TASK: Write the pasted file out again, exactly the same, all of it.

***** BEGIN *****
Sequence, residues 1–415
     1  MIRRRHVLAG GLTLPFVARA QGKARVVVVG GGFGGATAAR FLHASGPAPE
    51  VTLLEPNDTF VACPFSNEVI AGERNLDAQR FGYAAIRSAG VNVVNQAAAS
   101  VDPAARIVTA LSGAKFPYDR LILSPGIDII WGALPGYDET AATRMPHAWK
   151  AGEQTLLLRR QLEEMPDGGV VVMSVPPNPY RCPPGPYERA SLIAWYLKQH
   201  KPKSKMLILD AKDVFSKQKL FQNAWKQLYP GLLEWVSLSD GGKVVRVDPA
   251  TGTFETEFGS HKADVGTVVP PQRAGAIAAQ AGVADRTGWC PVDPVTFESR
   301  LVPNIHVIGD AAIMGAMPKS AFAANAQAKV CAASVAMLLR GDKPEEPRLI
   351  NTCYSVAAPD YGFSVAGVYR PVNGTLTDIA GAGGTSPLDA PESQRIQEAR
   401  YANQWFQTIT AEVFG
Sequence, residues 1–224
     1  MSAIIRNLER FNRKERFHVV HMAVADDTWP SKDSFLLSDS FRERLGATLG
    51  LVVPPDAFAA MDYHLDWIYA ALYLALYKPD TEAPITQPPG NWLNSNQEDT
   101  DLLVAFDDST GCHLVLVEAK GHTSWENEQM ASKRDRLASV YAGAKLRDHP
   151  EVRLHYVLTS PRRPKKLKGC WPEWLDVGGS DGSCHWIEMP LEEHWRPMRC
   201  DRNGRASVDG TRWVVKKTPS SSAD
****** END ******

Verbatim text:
Sequence, residues 1–415
     1  MIRRRHVLAG GLTLPFVARA QGKARVVVVG GGFGGATAAR FLHASGPAPE
    51  VTLLEPNDTF VACPFSNEVI AGERNLDAQR FGYAAIRSAG VNVVNQAAAS
   101  VDPAARIVTA LSGAKFPYDR LILSPGIDII WGALPGYDET AATRMPHAWK
   151  AGEQTLLLRR QLEEMPDGGV VVMSVPPNPY RCPPGPYERA SLIAWYLKQH
   201  KPKSKMLILD AKDVFSKQKL FQNAWKQLYP GLLEWVSLSD GGKVVRVDPA
   251  TGTFETEFGS HKADVGTVVP PQRAGAIAAQ AGVADRTGWC PVDPVTFESR
   301  LVPNIHVIGD AAIMGAMPKS AFAANAQAKV CAASVAMLLR GDKPEEPRLI
   351  NTCYSVAAPD YGFSVAGVYR PVNGTLTDIA GAGGTSPLDA PESQRIQEAR
   401  YANQWFQTIT AEVFG
Sequence, residues 1–224
     1  MSAIIRNLER FNRKERFHVV HMAVADDTWP SKDSFLLSDS FRERLGATLG
    51  LVVPPDAFAA MDYHLDWIYA ALYLALYKPD TEAPITQPPG NWLNSNQEDT
   101  DLLVAFDDST GCHLVLVEAK GHTSWENEQM ASKRDRLASV YAGAKLRDHP
   151  EVRLHYVLTS PRRPKKLKGC WPEWLDVGGS DGSCHWIEMP LEEHWRPMRC
   201  DRNGRASVDG TRWVVKKTPS SSAD